Game Center Multi-Player Question


Dave
 

Hi All,

I’m developing a game and want to use Game Centre, the game is for 2 to 9 Human or AI players, by AI I mean that that program itself makes a move on behalf of one or more AI Players.

So, in a 5 player game, the user could set it up as so:

Player 1 “Local User” [Human]
Player 2 HAL9000 [AI]
Player 3 Joe [Human]
Player 4 Marvin [AI]
Player 5 Sandra [Human]

As far as I can see, this approach won’t work with Game Centre, does anyone know if this is correct? And how to set it up if it is possible.

All the Best
Dave


Quincey Morris
 

On Jul 17, 2017, at 07:21 , Dave <dave@...> wrote:

As far as I can see, this approach won’t work with Game Centre, does anyone know if this is correct?

That’s correct. Game Center doesn’t provide any kind of “server side” logic, which is how you’d naturally want to implement AI players.

The only thing you can do with a Game Center game (other than implement your own server elsewhere, of course), is to put the “server” logic in a device or devices. You can, for example, elect one of the real player devices to supply the logic of all of the AI players. Or, you can replicate the logic in all devices (by using a seeded pseudo-random-number generator and deterministic behavior) so that each real device knows what all AI players will “do”. Something like that.

The downsides are that this is not terribly secure (a determined hacker can at least find out what the AI players will do in advance), and it complicates matchmaking. (It may also make your app bigger and slower, if the AI computations are significant.)


Pascal Bourguignon
 


On 17 Jul 2017, at 19:40, Quincey Morris <quinceymorris@...> wrote:

On Jul 17, 2017, at 07:21 , Dave <dave@...> wrote:

As far as I can see, this approach won’t work with Game Centre, does anyone know if this is correct?

That’s correct. Game Center doesn’t provide any kind of “server side” logic, which is how you’d naturally want to implement AI players.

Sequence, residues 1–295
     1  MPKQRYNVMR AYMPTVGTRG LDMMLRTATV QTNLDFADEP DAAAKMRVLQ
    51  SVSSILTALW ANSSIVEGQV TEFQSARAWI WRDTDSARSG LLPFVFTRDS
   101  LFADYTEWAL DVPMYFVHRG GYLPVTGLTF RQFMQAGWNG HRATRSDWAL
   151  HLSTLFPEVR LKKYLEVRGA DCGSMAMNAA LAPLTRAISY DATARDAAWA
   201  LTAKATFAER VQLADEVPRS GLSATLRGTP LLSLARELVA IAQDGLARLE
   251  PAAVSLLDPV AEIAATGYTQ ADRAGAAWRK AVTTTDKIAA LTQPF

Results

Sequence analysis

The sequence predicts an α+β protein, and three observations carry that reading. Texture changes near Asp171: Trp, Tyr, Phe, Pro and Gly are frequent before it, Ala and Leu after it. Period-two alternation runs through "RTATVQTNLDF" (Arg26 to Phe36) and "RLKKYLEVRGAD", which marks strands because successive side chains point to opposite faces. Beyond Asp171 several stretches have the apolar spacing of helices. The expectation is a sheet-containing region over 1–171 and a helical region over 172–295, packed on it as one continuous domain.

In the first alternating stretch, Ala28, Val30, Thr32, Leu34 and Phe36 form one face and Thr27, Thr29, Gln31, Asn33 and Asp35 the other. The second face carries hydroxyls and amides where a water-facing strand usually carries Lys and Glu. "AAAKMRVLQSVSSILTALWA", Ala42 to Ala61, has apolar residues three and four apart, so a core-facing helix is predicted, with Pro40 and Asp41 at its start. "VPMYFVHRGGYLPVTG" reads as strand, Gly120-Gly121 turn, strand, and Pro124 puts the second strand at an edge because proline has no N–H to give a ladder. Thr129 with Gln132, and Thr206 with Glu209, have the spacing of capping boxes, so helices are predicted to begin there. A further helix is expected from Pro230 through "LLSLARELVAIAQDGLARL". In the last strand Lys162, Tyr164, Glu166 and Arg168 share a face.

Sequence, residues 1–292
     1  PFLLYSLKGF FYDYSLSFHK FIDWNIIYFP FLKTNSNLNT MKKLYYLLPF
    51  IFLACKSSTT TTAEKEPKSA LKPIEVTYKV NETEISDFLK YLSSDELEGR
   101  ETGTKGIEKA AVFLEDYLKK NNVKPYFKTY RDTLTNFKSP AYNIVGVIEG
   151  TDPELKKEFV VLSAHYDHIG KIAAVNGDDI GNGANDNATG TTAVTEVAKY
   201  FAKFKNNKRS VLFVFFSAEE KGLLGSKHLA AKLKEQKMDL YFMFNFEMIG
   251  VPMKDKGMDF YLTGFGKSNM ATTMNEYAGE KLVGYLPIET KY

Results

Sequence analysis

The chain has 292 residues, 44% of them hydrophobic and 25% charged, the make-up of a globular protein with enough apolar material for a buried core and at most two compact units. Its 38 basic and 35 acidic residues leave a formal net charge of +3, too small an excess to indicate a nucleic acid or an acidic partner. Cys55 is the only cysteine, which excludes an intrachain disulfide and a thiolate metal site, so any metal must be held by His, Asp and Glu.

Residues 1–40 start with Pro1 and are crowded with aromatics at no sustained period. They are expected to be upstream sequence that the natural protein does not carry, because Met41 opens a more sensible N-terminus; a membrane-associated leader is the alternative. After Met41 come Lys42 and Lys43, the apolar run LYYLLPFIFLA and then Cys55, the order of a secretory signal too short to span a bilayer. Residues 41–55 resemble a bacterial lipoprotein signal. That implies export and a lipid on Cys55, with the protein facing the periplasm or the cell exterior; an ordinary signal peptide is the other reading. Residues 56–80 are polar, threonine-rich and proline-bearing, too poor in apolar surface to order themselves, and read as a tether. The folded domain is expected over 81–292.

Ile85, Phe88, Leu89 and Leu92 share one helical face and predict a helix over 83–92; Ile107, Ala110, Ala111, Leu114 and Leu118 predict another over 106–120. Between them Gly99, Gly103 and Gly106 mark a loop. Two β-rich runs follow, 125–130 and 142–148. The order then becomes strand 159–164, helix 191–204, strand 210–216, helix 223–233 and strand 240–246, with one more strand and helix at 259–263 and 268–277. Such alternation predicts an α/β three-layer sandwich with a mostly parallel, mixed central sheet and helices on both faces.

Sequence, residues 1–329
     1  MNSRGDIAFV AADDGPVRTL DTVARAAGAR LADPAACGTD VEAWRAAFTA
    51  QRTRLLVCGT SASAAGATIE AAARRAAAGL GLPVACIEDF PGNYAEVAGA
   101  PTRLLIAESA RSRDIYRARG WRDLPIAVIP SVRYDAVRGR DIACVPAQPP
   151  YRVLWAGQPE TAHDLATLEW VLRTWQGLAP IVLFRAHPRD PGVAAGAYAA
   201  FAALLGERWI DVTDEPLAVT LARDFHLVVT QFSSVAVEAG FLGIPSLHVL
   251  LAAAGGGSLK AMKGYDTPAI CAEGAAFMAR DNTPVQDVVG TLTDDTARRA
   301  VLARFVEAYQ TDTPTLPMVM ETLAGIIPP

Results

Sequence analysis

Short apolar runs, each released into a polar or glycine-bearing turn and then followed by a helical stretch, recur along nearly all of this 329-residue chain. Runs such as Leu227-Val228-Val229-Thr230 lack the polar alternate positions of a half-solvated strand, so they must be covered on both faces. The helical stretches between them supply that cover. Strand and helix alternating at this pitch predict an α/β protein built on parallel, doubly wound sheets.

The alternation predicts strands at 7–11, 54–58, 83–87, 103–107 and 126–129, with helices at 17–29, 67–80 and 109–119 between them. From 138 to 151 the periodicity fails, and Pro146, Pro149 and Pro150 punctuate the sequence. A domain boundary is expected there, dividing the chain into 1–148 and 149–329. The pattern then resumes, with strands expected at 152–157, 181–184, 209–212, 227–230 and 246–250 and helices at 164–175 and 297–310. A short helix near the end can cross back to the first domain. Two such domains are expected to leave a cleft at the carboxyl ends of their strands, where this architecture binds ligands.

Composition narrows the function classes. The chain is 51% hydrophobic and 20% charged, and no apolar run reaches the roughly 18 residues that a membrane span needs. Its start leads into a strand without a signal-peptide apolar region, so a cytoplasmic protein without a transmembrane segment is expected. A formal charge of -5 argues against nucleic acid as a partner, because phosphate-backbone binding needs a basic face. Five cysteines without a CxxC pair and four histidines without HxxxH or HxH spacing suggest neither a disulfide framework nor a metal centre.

The only thing you can do with a Game Center game (other than implement your own server elsewhere, of course), is to put the “server” logic in a device or devices. You can, for example, elect one of the real player devices to supply the logic of all of the AI players. Or, you can replicate the logic in all devices (by using a seeded pseudo-random-number generator and deterministic behavior) so that each real device knows what all AI players will “do”. Something like that.

The downsides are that this is not terribly secure (a determined hacker can at least find out what the AI players will do in advance), and it complicates matchmaking. (It may also make your app bigger and slower, if the AI computations are significant.)

I would associate a small number of AI with each player. 
This way, if a player quits, only a few AIs are killed.


-- 
__Pascal J. Bourguignon__




Dave
 

Hi,

Thanks for the advice.

I would associate a small number of AI with each player. 
This way, if a player quits, only a few AIs are killed.

I’m not quite sure how I would go about implementing the AI’s though, this is a turn based board game and as far as I can see, only “Real” players get a Move, so 

If you have:

Dave, Sue, John   Human
HAL, Marvin, R2D2 AI

Then how would it know that it was the turn of an AI Player?

I can see I may have to have two modes, single player and multi player and only support Human Players in Multi Player mode.

All the Best
Dave

On 17 Jul 2017, at 19:54, Pascal Bourguignon <pjb@...> wrote:


On 17 Jul 2017, at 19:40, Quincey Morris <quinceymorris@...> wrote:

On Jul 17, 2017, at 07:21 , Dave <dave@...> wrote:

As far as I can see, this approach won’t work with Game Centre, does anyone know if this is correct?